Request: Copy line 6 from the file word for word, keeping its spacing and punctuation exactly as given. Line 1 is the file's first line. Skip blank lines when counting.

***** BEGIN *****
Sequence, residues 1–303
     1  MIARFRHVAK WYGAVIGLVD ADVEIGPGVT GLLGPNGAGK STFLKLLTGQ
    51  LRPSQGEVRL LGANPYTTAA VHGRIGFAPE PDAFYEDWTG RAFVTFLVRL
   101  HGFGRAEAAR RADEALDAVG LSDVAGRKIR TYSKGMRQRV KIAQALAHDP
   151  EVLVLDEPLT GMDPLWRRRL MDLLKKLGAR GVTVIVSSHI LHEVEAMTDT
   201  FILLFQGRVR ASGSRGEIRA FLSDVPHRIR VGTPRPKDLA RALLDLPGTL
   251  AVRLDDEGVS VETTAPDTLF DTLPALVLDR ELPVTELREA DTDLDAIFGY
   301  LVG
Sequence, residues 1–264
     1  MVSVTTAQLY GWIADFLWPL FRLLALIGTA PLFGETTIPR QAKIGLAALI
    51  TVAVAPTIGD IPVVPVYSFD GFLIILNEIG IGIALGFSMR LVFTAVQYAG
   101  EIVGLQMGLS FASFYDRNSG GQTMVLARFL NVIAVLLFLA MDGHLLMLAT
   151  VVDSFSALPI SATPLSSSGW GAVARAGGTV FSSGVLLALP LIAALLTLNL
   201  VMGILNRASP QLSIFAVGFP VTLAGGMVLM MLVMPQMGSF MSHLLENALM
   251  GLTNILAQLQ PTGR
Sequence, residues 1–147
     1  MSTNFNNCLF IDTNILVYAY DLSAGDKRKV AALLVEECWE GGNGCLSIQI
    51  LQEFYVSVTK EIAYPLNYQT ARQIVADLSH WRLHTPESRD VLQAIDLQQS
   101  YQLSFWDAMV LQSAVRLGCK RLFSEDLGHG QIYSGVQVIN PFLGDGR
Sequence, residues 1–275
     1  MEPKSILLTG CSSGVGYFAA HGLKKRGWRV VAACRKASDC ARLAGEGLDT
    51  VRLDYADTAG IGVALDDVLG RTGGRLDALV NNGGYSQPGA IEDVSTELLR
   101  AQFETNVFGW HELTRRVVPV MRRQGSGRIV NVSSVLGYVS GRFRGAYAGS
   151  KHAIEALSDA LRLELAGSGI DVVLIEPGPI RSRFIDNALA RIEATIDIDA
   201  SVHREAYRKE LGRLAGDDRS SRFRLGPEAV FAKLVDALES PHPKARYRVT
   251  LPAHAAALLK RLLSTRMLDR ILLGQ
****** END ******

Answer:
   201  FILLFQGRVR ASGSRGEIRA FLSDVPHRIR VGTPRPKDLA RALLDLPGTL